First Year for Most Tax Law Changes
The individual healthcare mandate brought in a slew of changes, including new forms for claiming the premium tax credit for eligible individuals who purchased coverage through a government Marketplace (exchange) and for figuring the shared responsibility payment for those who failed to carry coverage and do not qualify for an exemption.
You can find general information about the individual mandate and about exemptions from the mandate on the IRS website. (For deadlines for enrolling through the Health Insurance Marketplace, go to the government website.) Starting with the 2019 tax year, there will be no penalty for failing to have health insurance.
Other changes that started with the 2018 tax year and will last through 2025: the end of the home-equity loan interest tax deduction and deductions for job-related expenses, tax-prep expenses and a number of other outlays; a drop in the home-mortgage interest deduction on new mortgages to interest on $750,000 from $1 million; and the end of the personal exemption.
In addition, the state and local tax deduction (which includes state income, property and other taxes) now maxes out at $10,000; previously there was no ceiling on this deduction. On the other hand, the child tax credit doubles and so does (pretty much) the standard deduction.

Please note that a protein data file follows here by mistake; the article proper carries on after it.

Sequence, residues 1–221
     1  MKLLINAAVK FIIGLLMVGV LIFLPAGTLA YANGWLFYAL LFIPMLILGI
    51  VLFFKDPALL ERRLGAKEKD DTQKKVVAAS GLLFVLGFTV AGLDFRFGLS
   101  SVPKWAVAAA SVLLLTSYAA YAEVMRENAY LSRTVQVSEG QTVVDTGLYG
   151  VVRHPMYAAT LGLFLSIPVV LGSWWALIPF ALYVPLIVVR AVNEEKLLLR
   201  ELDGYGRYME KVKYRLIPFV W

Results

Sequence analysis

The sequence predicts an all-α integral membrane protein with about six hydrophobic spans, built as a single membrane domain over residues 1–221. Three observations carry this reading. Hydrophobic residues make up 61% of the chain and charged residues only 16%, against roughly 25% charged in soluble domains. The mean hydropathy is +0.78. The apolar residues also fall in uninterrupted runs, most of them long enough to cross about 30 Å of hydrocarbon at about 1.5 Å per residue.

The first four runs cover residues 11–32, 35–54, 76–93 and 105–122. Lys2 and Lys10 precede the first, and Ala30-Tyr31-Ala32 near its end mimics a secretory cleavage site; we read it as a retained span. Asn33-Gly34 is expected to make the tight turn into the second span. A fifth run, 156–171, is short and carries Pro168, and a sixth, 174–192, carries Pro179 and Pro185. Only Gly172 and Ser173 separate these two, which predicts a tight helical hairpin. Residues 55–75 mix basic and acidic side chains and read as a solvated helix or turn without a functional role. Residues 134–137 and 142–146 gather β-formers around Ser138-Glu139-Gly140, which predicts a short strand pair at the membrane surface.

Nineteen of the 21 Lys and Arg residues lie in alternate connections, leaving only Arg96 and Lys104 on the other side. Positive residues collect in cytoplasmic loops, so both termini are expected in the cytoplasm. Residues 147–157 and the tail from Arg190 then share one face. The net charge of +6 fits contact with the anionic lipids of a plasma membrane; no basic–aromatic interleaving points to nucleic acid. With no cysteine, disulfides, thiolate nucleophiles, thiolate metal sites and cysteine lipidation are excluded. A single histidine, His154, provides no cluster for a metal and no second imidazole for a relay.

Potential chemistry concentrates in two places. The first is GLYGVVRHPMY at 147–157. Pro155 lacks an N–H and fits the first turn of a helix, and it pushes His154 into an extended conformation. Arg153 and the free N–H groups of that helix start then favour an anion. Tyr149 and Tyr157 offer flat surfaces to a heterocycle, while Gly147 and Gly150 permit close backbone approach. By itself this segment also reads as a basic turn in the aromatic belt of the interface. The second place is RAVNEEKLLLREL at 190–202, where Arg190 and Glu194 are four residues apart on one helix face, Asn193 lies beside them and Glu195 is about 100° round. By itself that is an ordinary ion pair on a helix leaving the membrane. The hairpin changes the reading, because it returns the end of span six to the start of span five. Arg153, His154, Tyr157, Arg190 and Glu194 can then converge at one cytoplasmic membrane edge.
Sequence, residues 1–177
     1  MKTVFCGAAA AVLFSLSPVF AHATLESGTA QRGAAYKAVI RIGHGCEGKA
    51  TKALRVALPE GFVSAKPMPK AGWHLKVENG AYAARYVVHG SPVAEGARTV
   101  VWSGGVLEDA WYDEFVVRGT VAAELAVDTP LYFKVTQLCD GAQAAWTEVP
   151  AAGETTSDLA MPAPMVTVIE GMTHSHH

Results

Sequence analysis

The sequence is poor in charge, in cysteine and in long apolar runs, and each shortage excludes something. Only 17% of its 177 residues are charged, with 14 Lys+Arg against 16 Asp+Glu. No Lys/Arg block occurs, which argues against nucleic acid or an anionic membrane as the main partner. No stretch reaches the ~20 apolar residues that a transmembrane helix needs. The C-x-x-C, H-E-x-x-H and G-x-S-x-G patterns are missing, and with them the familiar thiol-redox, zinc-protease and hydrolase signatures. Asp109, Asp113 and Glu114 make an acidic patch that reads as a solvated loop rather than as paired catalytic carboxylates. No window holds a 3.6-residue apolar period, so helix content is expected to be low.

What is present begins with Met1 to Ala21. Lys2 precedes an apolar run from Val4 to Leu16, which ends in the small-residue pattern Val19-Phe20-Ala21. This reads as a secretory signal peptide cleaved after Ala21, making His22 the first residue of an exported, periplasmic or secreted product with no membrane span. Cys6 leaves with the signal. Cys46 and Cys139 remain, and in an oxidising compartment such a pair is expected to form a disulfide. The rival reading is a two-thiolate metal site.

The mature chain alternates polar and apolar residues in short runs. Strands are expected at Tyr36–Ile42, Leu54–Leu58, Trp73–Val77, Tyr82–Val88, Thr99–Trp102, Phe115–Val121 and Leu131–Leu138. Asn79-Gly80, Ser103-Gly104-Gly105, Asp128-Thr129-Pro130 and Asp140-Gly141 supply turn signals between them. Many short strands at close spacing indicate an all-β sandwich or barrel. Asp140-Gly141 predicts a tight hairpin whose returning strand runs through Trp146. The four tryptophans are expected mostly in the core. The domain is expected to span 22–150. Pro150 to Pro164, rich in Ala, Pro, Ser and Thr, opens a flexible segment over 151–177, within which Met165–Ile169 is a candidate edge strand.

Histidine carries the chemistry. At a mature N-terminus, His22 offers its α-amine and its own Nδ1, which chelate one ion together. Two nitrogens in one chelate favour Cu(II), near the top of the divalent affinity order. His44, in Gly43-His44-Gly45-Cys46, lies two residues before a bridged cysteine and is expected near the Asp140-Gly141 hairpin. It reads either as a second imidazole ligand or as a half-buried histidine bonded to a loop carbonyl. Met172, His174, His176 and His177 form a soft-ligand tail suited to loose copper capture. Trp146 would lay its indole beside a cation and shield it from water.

Make a List of Personal Information
You probably know your Social Security number, but do you know the number for each dependent you claim? Jot down this and other information (e.g., addresses of vacation homes and rental property, dates you moved, information about property that you bought and sold, including dates, what you originally paid, what you received on the sale and expenses you had) needed to complete your return.
Decide Whether to Ask for a Filing Extension
If you need more time to complete all of these tasks, you can request a filing extension to October 15, 2019. This will avoid any late-filing penalty, but be sure to pay what you think you’ll owe to minimize or avoid any late-payment penalty. There’s no extension beyond April 15 for paying the tax that is due.
Find a Copy of Last Year’s Return
If you use the same preparer that you used last year, likely the old return is already on hand. If you go to a new preparer, last year’s return serves as a reminder to the preparer – and you – of some items you don’t want to overlook. Below are two examples:
- Payors of interest and dividends. If you received this income last year, look for 1099s for this year (unless you’ve sold stocks, closed bank accounts or made other investment changes that account for not getting a 1099 this year).
- Charities. If you made small gifts, you may not have received any acknowledgment from the organization, but you can still deduct your gift as long as you have a canceled check or other proof. See last year’s list of organizations you donated to and see whether you made similar gifts this year.
Questions about Tax Preparation?
BARNES AND COMPANY, CPAs, P.C.
646 Long Island Ave
Deer Park, NY 11729